A British government led but not dominated by David Cameron’s Conservatives would probably mean business as usual for the UK's dealings in Brussels, concluded a panel of experts at an election de-briefing last Friday (7 May).

At the event, hosted by the Centre for European Policy Studies (CEPS), three experts gave their views on the potential implications of the UK election results – which brought a hung parliament – on Britain's position within the EU.

On Friday evening (7 May), it emerged that no party had won a majority and thus no-one had the automatic right to govern. Although the Conservatives won the most seats, gaining more than 90 from Labour, a coalition or minority government will have to be formed based on the outcome of ongoing cross-party negotiations (see 'Background').

Tim Bale, a lecturer at Sussex University and expert on the Conservatives, said that although the election result and absence of a majority government is bad news for the UK, it may well be positive for the EU as it means there cannot be a ''heavily Eurosceptic Tory government''.

Bale did not rule out the possibility of a Labour-Liberal Democrat deal if talks between David Cameron and Nick Clegg do not bear fruit this week. He is sceptical about the progress that could be made in a Conservative-Liberal Democrat partnership owing to some fundamental policy differences.

David Rennie, the head of the Economist's Brussels bureau, pointed out that the Conservative party leadership is undoubtedly anti-EU – referring to Cameron's threat to hold a referendum on the now-ratified Lisbon Treaty – but that a Tory-led government would ''have too much on its plate'' and be ''too busy trying to fix the economy'' to pick fights with the EU.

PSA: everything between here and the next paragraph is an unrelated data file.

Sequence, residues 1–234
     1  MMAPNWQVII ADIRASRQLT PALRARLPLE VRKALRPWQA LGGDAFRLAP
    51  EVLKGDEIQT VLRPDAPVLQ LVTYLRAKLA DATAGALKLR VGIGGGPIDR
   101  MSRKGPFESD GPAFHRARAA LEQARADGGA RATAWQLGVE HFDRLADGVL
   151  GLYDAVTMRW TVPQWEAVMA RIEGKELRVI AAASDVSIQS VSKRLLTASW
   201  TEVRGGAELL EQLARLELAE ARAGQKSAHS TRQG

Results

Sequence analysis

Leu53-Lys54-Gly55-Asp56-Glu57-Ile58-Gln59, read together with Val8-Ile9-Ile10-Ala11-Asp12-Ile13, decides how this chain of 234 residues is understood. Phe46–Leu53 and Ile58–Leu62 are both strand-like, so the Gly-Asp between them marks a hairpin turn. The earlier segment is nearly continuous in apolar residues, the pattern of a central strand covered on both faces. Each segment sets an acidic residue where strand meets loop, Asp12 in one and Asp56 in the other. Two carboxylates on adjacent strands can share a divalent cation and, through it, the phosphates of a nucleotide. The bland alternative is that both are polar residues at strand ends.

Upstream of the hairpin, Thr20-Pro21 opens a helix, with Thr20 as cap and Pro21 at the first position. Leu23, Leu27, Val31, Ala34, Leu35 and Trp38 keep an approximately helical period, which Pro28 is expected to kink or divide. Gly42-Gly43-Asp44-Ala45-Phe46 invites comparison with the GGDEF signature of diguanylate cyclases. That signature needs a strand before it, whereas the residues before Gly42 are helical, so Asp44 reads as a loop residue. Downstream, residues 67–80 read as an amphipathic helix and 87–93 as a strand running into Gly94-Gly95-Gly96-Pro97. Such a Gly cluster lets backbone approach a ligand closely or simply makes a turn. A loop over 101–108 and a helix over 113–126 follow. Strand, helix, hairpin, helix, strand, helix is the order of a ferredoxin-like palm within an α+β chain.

However, he believes that events could bring UK-EU tensions come to the fore, speculating that another bail-out of an EU country could lead to genuine ''confrontation''. Britain, which is watching the Greece bail-out from the sidelines, would surely be unable to sit back and show no solidarity at all if the same were to happen with Portugal or Spain, he said.

David Healey, senior advisor at Burston-Marsteller and a former European Parliament deputy secretary-general, stressed just how Eurosceptic the current Conservative party is by pointing out that only three Tory MPs voted in favour of the Lisbon Treaty.

However, he believes that a Conservative-led government would probably adopt exactly the same approach towards Brussels as previous UK governments – pursue national interests with efficiency and seek results – and predicted that it could be very much ''business as usual'' for UK-EU relations.

As of Monday evening (10 May), the form of the new UK government remains unclear. Negotiations between the Conservatives and Liberal Democrats have entered a third day, while Labour are waiting in the wings, ready to talk to Nick Clegg's party should those talks break down.

Tim Bale believes that any deal between Labour and the Liberal Democrats would bring the resignation of Gordon Brown.